Here are some simple examples using image tools.

#access the CASA "test" FITS image and write it to a CASA image named "zz"

# print a summary to the logger and capture the summary metadata in variable "summary"
summary = ia.summary()

# evaluate image statistics and save the stats info to a variable called "stats"
stats = ia.statistics()

# create a rectangular region using the rg tool
box =[10,10], [50,50])

# create a subimage of that region, and name the resulting image "zz2"
# capture the new image tool attached to "zz2" in the variable "im2"
im2 = ia.subimage('zz2', box, overwrite=true)

# get statistics for zz2 and store the results in the variable "stats2"
stats2 = im2.statistics()

# FFT subimage and store amp and phase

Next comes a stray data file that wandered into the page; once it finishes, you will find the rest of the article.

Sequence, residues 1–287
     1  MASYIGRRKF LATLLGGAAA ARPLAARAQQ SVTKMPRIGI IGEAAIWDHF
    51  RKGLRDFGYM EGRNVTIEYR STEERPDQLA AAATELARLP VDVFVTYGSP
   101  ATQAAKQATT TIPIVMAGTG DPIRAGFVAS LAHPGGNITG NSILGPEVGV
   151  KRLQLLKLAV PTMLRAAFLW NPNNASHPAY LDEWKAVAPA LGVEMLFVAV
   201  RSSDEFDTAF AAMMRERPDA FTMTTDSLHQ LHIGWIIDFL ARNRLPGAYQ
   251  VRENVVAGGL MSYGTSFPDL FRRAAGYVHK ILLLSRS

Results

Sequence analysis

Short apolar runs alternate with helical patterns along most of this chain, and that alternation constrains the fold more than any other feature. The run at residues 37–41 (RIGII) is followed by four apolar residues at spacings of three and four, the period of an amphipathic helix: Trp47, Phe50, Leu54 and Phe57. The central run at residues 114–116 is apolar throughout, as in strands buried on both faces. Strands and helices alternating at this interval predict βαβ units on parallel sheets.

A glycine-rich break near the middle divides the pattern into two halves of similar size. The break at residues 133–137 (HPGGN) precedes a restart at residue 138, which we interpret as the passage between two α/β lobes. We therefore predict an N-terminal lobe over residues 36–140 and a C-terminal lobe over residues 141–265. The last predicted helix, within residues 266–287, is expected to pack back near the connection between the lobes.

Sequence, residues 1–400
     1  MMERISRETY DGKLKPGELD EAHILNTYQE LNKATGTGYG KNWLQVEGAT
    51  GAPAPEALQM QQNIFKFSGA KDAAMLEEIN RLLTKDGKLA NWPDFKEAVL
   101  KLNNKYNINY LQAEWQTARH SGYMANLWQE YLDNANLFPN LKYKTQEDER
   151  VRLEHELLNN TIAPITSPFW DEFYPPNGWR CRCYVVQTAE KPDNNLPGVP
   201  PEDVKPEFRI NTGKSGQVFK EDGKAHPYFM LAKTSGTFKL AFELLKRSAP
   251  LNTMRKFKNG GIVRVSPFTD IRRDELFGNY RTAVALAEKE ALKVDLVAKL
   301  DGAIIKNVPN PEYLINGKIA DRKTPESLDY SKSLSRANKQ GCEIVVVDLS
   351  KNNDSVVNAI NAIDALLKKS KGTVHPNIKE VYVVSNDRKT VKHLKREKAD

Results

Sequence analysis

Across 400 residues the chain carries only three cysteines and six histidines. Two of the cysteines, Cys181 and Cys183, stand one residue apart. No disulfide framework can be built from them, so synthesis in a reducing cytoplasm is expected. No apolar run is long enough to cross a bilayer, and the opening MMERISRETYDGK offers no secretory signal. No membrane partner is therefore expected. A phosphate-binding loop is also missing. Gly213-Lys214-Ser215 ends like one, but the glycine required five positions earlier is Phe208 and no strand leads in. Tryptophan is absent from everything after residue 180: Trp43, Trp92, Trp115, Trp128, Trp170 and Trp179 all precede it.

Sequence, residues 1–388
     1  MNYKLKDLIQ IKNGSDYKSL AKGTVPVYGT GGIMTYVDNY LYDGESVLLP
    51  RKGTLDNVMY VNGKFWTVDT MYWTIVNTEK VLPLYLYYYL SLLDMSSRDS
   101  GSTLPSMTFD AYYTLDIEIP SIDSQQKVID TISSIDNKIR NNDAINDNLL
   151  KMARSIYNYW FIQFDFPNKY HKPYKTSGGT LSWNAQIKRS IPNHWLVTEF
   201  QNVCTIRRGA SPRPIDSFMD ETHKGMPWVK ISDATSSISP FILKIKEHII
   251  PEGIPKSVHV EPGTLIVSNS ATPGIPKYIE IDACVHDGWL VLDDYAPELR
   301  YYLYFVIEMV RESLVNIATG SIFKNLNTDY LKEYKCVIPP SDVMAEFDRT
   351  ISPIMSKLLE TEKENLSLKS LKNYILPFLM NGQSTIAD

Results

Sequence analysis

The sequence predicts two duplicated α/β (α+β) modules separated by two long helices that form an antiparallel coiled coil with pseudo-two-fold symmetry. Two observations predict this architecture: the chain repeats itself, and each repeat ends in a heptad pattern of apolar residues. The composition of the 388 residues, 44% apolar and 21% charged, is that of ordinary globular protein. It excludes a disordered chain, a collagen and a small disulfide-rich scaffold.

# close image tools


Foreign Images

The image analysis tool also provides native, read-only access to some foreign image formats. Presently, these are FITS (Float, Double, Short and Long pixel values are supported) and Miriad. This means that you don't have to convert the file to native CASA format in order to access the image. For example:

# Assumes environment variable is set
pathname = os.environ.get("CASAPATH")
pathname = pathname.split()[0]
datapath1 = pathname + "/data/demo/Images/imagetestimage.fits"
# Access FITS image
# Access Miriad image'im.mir')
# create a new image tool attached to the FITS image
ims = ia.newimagefromimage(infile=datapath1)
# create a region record representing the inner quarter of an image[0.25,0.25],[0.75,0.75],frac=true)
# create a subimage of the inner quarter of the FITS image
subim = ims.subimage(region=innerquarter)
# done with the tools, release resources

In general, any parameter to a task or a tool method which accepts an image name will support CASA, FITS, or Miriad images.